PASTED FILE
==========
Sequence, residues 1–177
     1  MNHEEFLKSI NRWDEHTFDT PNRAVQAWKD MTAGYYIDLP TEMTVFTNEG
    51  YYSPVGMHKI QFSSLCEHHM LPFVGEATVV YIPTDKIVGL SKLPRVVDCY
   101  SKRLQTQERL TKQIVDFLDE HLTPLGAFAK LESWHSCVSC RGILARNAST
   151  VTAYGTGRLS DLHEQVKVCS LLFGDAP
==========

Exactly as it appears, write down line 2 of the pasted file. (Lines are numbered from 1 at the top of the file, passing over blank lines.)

     1  MNHEEFLKSI NRWDEHTFDT PNRAVQAWKD MTAGYYIDLP TEMTVFTNEG